Attendees of Socialism 2023, a four-day conference in Chicago over Labor Day weekend, wanted freedom from the existing system but admitted its dominion (the “dom” in “freedom”) and the movement’s current lack of large-scale agency in it.
Nothing is new, shocking, revelatory. All the lumps and bumps, moles and birthmarks, scars and stretch marks are on display, and the need to conceal your own drops away. Nakedness, done right, has no ego.
On Thursday, October 12, The Center for the Study of Race, Ethnicity & Equity will welcome Latine poets Roy Guzmán, Yesenia Montilla, and Matt Sedillo to Washington University in St. Louis for a panel discussion in celebration of Latine Heritage Month. The evening will focus on the poets’ use of poetry to fuel social change and how their work addresses race and identity. Ahead of the event, we were delighted to speak with two of the featured guests, Yesenia Montilla and Matt Sedillo, to learn more about their relationship with poetry.
In 2023, the Bond franchise celebrates its 70th anniversary. Very few franchises, with the exception of the Universal Classic Monsters and Godzilla series, have enjoyed such a long life in the popular media of film. Like them, the Bond franchise has seen many new beginnings that continually restart the property, perpetually reset it, and are bound to do so again.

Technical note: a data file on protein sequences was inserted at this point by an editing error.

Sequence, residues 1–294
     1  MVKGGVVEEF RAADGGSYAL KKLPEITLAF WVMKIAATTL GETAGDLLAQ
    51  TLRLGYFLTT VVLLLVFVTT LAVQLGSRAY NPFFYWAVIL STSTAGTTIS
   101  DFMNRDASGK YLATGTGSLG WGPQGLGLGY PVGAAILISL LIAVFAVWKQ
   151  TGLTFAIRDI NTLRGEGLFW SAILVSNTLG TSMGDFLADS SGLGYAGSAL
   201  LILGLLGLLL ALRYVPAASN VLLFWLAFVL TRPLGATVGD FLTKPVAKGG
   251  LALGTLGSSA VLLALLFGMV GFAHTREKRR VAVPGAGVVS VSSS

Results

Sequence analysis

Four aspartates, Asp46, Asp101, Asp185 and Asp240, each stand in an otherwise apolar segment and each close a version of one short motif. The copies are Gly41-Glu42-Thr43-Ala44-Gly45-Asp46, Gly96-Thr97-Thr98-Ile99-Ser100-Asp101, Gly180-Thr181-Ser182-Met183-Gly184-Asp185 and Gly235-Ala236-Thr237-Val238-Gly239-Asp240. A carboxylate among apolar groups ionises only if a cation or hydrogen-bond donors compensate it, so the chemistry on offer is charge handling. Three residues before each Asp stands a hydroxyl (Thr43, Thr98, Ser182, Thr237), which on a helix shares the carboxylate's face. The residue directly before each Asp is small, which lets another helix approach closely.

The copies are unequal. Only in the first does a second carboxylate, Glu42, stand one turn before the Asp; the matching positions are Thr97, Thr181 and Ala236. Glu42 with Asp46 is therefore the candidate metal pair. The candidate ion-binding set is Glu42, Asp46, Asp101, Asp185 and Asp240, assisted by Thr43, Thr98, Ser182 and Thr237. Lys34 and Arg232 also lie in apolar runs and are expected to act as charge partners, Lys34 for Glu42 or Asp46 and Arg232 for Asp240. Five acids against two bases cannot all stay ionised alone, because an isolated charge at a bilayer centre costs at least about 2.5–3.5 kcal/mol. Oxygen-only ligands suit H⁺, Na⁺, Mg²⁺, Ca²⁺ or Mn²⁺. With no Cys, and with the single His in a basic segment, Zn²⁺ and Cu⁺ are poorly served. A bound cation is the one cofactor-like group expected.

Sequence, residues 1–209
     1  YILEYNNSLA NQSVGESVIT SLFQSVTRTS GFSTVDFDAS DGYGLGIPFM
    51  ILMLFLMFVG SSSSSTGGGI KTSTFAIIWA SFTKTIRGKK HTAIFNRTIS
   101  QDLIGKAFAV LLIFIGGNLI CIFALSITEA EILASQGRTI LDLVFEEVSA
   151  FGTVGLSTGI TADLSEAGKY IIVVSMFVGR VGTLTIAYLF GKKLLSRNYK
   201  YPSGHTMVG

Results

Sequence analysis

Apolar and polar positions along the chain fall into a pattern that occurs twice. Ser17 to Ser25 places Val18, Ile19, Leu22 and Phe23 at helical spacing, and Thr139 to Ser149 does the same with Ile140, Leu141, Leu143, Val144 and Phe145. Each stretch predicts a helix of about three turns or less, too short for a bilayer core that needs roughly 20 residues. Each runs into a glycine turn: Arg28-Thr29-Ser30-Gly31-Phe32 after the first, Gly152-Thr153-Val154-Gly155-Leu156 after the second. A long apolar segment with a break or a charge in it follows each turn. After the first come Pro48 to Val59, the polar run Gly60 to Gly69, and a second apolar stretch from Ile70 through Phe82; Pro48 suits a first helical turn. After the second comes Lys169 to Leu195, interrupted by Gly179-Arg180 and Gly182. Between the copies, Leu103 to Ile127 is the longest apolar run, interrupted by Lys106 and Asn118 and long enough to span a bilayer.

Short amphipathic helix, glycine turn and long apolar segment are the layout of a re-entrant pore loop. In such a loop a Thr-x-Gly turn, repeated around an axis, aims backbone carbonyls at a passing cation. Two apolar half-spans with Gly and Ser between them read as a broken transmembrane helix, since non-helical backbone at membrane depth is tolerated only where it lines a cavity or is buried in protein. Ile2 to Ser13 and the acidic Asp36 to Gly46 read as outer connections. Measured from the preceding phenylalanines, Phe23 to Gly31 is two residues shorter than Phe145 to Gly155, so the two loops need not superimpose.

While dismissed by Hollywood as a handy trend, Blaxploitation has earned a shaky status in the history of film and Black cultural history at large. The propensity to elicit loaded for or against debates has led to equally overwrought praise and scorn for these films. A half-century after Blaxploitation’s bombastic introduction, quick rise, and equally quick fall, we would do well to revisit, and reconsider, those films that best exemplify the still prickly term.
I decided that I wanted to write a commentary that focused on Black conservatives. One reason for this was obvious: Supreme Court Justice Clarence Thomas is one of the most famous (or infamous, take your pick) Black conservatives in the country. I was certain that if the court overturned college admissions affirmative action, Thomas would write the majority decision or a lengthy concurrence. He did the latter.
Duke Fakir’s life determination radiates throughout I’ll Be There: My Life With The Four Tops. From arriving early in high school, hustling up the group’s first uniforms, managing the group’s funds, and now preserving the group’s legacy.
Riding coach on Amtrak today is more like taking a nice bus. No doubt I will arrive weary, disillusioned and, as the Victorians put it, “travel-stained.”
Funeral sermons for poetry seldom discuss, in detail, a single poem. This is a problem of reception, not of poesis, or making. I offer, here, under a perhaps too-pithy conceit, the antidote: a hyper-close, even seemingly rudimentary, close reading of ten poems from the past ten years that I believe offer glimpses of the most vital work in today’s poetry.
This essay is a transcontinental flight with several stops—from Harriett Quimby’s 1912 flight across the English Channel to the 1981 PATCO strike that nearly brought American aviation to its knees. In between we learn about a Tuskegee airman who became a POW and a bit about children’s books that deal with aviation.